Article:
Friday, 1 February 2013

Escaping from Reality

I've often heard authors say that writing is their escape from reality, even to the extent that some consider it an indulgent pleasure. Frankly, I'm a bit jealous of people that can look at it that way - as regular readers will know, it doesn't generally work out that way for me. In fact, I've often found writing more of a punishment than a pleasure. It was therefore with interest that I read Matt Haig's recent post, in which he describes how he escaped the destructive power of his depression through writing.

For my own part, though, I found it very hard to write my way out of depression – it was like being in a deep, slippery pit and what I really needed was a ladder, not words. It wasn't until I was in recovery that I found the compulsion to write again – before that it had (like everything else) seemed a supremely pointless activity. Never say never, though, and it was in the spirit of experimentation that I tried using writing to escape from reality when I was sat in the dentist's chair yesterday. Of course, I couldn't physically write, or even talk, but that couldn't stop me thinking about a story could it?

I'll answer that question in a minute, but for context it's worth talking about what a good writing week I've had. My current book is moving along nicely and I've found the technique of alternating writing and drawing storyboards to be immensely helpful in getting over writer's block. This week I also wrote a short story, for the first time in four years! It was a great experience that made me wonder why I didn't write them more often; it was such a buzz to finish something in a single day and, even better, the person I wrote it for really liked the end result.

So, back to the chair. My dentist has assured me that I won't need an anaesthetic and I'm gripping the armrests as he drills into my molar. I know that my expectation of pain is probably far worse than the actuality, so I try to focus on something else. Another short story idea pops into my head and, for long seconds, I lose myself in possibility. Then I'm jolted back to reality by the dentist asking if I'm OK. Perhaps my lack of frantic squirming has made him worry that I've passed out. I attempt a small noise of assent and he goes back to his work while I return to mine. Later, he takes a photo of my drilled-out tooth and shows it to me, but sadly my mouth is too full of various probes and bits of metal to make a suitably sarcastic comment.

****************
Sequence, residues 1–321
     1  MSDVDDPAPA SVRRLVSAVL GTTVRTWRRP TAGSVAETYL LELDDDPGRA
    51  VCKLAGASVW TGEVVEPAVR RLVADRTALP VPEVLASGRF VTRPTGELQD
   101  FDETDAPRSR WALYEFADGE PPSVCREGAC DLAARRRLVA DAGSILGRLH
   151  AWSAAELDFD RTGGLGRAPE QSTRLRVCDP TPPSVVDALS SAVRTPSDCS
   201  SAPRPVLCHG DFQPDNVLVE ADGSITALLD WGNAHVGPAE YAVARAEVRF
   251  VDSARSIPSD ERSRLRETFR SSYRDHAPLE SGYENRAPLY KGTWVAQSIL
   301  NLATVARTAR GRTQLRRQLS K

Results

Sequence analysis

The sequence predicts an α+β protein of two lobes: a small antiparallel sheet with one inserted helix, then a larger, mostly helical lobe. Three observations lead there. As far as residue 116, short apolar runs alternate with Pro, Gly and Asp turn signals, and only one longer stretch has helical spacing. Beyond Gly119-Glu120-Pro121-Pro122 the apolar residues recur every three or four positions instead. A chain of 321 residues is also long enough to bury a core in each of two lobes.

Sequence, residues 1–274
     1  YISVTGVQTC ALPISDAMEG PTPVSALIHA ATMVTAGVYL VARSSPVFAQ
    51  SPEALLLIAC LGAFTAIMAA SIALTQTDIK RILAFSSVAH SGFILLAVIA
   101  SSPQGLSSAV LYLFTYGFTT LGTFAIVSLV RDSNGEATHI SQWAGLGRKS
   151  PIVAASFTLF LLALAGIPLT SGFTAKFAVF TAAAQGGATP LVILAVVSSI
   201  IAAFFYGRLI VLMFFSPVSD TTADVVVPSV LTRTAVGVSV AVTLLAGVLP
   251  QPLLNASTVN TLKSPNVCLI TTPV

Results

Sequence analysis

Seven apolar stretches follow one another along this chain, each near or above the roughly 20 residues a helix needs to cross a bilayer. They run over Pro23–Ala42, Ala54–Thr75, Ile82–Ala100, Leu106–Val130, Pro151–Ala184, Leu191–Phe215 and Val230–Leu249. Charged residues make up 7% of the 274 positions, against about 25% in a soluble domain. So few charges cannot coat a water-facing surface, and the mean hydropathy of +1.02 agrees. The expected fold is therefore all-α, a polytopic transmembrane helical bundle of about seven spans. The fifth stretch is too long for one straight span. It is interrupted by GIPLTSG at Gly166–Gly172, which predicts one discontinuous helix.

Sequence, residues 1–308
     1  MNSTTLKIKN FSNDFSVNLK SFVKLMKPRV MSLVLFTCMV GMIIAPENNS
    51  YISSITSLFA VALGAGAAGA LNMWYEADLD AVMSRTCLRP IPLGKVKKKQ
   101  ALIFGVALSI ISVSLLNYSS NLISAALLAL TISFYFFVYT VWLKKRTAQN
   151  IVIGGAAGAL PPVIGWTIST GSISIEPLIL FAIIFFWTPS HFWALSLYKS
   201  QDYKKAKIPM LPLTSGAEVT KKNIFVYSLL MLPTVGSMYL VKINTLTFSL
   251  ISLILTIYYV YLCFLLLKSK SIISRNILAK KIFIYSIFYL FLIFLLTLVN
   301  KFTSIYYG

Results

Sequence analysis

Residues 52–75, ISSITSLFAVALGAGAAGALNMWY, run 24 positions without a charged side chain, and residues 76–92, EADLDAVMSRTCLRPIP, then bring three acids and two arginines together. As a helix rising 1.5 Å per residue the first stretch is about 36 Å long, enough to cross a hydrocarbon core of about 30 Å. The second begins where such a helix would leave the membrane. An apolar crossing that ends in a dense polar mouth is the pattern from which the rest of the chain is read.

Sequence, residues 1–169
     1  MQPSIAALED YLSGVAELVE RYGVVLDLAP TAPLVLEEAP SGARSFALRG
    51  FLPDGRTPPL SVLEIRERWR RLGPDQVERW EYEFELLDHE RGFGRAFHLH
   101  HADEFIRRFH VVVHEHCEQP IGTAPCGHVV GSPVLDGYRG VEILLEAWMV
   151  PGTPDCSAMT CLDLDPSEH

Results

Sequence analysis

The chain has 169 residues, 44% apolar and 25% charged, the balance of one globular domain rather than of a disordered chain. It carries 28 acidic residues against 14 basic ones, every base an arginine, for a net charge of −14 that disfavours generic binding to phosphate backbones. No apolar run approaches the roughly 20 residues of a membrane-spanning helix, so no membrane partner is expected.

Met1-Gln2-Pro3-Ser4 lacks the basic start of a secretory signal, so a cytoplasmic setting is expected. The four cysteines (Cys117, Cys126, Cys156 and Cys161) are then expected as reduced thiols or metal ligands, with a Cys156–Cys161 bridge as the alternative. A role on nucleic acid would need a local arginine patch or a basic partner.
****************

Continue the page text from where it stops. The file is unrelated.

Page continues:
By the end of the appointment, I've sifted through ideas and mentally composed a few bits of prose. The act of writing has made a difficult situation easier, and in my small way I've begun to see what Sally Poyton was getting at in her quietly devastating follow up to Matt Haig's post. Maybe all I actually need to do is simply give myself permission to enter the fugue state where stories are made, regardless of the situation I find myself in?

Anyway, I'll keep experimenting, though I'm not due back at the dentist now for another six months. Perhaps I can find a less painful situation to escape from. Maybe one involving cake?



  1. Huge sympathy - I'm terrified of the dentist's chair even though I have a lovely dentist who quotes from Finding Nemo. Excited for you about your short story. We all need a break.

  2. Ouch! I hate going to the dentists almost as much as I hate going to the hairdressers! Interesting that you found some peace in retreating into your imagination. Creativity as pain relief!